WASHINGTON (CN) - Germany refuses to let go of a $250 million art collection stolen by a top Nazi official who gave it to Adolph Hitler as a "surprise gift," heirs of the dealers claim in a federal complaint.
Alan Philipp and Gerald Stiebel filed the complaint Monday against Germany and the Stiftung Preussischer Kulturbesitz, otherwise known as the Prussian Cultural Heritage Foundation.
The 71-page complaint says Nazis coerced the sale of the Welfenschatz, resulting in a payment of "barely 35 percent of its market value to the consortium - or even as little as 15 percent, according to contemporary German state museum professionals."
It was because Nazi threats of violence crippled three art dealers in Frankfurt - J&S Goldschmidt, I. Rosenbaum and Z.M. Hackenbroch - in 1935 that the dealers sought a buyer for Welfenschatz, a valuable collection of medieval relics, according to the action.
The heirs say the Gestapo nevertheless interjected after catching wind of the deal to sell Welfenschatz at a fair-market price.
"The Nazi's crowning touch was to intercede just when a willing fair market buyer for the Welfenschatz appeared, to dictate that any further arms'-length negotiations cease, through which the Consortium could have realized the value of its property," the complaint states. "With the market duly fixed, and their own situation having descended into ahistorical levels of persecution, humiliation, and risk, the Consortium relented in 1935. From the Consortium's perspective, the 'deal' - for 4.25 million RM (barely 35 percent of its actual value) split and partly paid only into a blocked account - was a predicament and without any alternative." (Parentheses in original.)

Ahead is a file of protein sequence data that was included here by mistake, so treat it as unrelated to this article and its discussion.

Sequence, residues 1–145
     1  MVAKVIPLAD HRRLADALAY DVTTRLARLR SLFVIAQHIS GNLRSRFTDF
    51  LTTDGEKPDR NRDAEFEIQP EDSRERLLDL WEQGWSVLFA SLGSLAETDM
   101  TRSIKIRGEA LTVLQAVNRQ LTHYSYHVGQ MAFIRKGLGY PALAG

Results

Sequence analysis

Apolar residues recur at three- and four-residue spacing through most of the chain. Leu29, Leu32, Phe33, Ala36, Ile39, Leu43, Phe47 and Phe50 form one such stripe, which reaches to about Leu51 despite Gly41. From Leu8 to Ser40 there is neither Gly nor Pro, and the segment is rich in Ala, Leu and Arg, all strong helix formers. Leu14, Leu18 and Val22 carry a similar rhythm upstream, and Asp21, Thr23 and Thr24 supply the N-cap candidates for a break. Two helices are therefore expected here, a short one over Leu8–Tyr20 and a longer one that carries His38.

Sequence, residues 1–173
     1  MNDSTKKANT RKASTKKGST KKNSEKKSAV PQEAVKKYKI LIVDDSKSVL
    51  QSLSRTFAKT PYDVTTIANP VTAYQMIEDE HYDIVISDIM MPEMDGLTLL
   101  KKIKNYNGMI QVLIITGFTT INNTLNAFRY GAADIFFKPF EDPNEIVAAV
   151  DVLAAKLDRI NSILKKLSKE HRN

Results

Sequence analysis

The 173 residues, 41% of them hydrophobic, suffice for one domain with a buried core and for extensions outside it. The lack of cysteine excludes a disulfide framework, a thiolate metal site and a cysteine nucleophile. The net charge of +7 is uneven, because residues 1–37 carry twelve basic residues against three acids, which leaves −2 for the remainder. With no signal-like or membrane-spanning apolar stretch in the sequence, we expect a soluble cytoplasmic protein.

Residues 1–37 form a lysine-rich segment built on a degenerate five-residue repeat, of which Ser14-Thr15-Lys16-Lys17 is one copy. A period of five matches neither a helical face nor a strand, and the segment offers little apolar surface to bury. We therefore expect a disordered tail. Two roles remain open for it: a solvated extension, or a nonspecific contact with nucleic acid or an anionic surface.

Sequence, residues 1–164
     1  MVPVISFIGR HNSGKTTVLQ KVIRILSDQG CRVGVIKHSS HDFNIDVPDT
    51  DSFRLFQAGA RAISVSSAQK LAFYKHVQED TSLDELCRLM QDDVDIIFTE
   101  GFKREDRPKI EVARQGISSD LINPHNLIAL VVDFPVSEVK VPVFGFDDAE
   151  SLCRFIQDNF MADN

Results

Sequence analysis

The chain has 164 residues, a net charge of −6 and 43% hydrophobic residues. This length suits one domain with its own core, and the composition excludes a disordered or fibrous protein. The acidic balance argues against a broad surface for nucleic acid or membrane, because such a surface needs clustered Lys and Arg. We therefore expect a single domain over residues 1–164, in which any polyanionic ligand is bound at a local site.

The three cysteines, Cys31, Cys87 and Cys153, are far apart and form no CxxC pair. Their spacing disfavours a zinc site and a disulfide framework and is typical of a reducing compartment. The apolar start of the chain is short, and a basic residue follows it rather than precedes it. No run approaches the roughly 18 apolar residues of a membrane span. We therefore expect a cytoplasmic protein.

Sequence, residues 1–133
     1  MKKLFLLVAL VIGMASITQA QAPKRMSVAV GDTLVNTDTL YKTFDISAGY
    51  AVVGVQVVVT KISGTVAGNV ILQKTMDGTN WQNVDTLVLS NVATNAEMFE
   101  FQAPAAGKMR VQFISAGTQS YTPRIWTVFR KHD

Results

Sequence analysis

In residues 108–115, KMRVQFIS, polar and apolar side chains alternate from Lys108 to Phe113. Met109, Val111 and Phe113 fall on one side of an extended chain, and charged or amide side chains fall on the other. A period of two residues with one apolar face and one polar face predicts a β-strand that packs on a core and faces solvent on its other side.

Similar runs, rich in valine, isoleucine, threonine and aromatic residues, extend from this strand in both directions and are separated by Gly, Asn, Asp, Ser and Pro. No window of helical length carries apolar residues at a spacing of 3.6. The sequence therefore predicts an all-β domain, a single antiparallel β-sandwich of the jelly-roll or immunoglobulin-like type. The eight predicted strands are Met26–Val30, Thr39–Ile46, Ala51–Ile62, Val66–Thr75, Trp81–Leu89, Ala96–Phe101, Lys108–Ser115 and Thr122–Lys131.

Notorious Nazi higher-up Hermann Goering deemed himself the savior of Welfenschatz, the heirs say, adding that he claimed to have "forcefully and punitively 'rescued' the collection from the Jews."
The heirs to those dealers claim they suffered a "parallel victimization" in 2014 by the German-appointed commission to sort out the art stolen under the Nazi regime.
That commission, the heirs claim, is lip service to add credence to the country's international commitments to come up with solutions for Nazi-looted art. Even the non-binding recommendations that the commission issues are not declarations of property rights, according to the complaint.
"That Advisory Commission, since being established in 2003 as a governmental entity, has shown a disturbing tendency to ignore longstanding principles of international law - chief among them the unassailable principle that a sale by owners like the Consortium in Nazi Germany was by definition coercive and void," the heirs say.
According to the complaint, Welfenschatz, or House of Guelph, consists of dozens of medieval reliquary and devotional objects originally housed in Brunswick Cathedral in Germany. Pieces of the collection include alters, crosses and tablets dating from the 11th to 15th centuries.
The Prussian Cultural Heritage Foundation has the collection in its possession.
Philipp and Stiebel want Germany and the foundation to return the art, or pay the $250 million they claim it's worth.
They are represented by Nicholas O'Donnell of Sullivan Worcester in Boston, Mass.
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